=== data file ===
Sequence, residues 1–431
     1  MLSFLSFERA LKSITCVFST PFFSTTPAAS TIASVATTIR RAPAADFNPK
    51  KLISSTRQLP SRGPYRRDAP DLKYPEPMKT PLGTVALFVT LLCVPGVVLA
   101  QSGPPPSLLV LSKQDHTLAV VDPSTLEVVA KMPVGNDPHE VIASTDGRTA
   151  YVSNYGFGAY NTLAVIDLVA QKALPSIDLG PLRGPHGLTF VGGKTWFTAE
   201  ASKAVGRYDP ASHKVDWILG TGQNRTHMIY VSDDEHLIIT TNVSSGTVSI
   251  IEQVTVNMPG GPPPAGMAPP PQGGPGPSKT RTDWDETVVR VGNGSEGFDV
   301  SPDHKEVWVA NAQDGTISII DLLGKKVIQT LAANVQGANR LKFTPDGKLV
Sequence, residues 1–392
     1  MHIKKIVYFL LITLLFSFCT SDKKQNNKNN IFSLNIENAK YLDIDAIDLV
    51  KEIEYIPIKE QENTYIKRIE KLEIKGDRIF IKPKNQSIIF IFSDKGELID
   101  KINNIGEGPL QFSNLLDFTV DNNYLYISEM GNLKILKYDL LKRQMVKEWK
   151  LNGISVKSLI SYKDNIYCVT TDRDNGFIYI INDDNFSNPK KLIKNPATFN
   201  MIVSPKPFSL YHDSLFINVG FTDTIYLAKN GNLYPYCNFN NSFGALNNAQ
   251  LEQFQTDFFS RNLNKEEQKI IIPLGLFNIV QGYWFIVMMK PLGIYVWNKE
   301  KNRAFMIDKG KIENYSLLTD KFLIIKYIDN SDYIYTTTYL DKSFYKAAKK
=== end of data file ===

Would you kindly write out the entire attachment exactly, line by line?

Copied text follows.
Sequence, residues 1–431
     1  MLSFLSFERA LKSITCVFST PFFSTTPAAS TIASVATTIR RAPAADFNPK
    51  KLISSTRQLP SRGPYRRDAP DLKYPEPMKT PLGTVALFVT LLCVPGVVLA
   101  QSGPPPSLLV LSKQDHTLAV VDPSTLEVVA KMPVGNDPHE VIASTDGRTA
   151  YVSNYGFGAY NTLAVIDLVA QKALPSIDLG PLRGPHGLTF VGGKTWFTAE
   201  ASKAVGRYDP ASHKVDWILG TGQNRTHMIY VSDDEHLIIT TNVSSGTVSI
   251  IEQVTVNMPG GPPPAGMAPP PQGGPGPSKT RTDWDETVVR VGNGSEGFDV
   301  SPDHKEVWVA NAQDGTISII DLLGKKVIQT LAANVQGANR LKFTPDGKLV
Sequence, residues 1–392
     1  MHIKKIVYFL LITLLFSFCT SDKKQNNKNN IFSLNIENAK YLDIDAIDLV
    51  KEIEYIPIKE QENTYIKRIE KLEIKGDRIF IKPKNQSIIF IFSDKGELID
   101  KINNIGEGPL QFSNLLDFTV DNNYLYISEM GNLKILKYDL LKRQMVKEWK
   151  LNGISVKSLI SYKDNIYCVT TDRDNGFIYI INDDNFSNPK KLIKNPATFN
   201  MIVSPKPFSL YHDSLFINVG FTDTIYLAKN GNLYPYCNFN NSFGALNNAQ
   251  LEQFQTDFFS RNLNKEEQKI IIPLGLFNIV QGYWFIVMMK PLGIYVWNKE
   301  KNRAFMIDKG KIENYSLLTD KFLIIKYIDN SDYIYTTTYL DKSFYKAAKK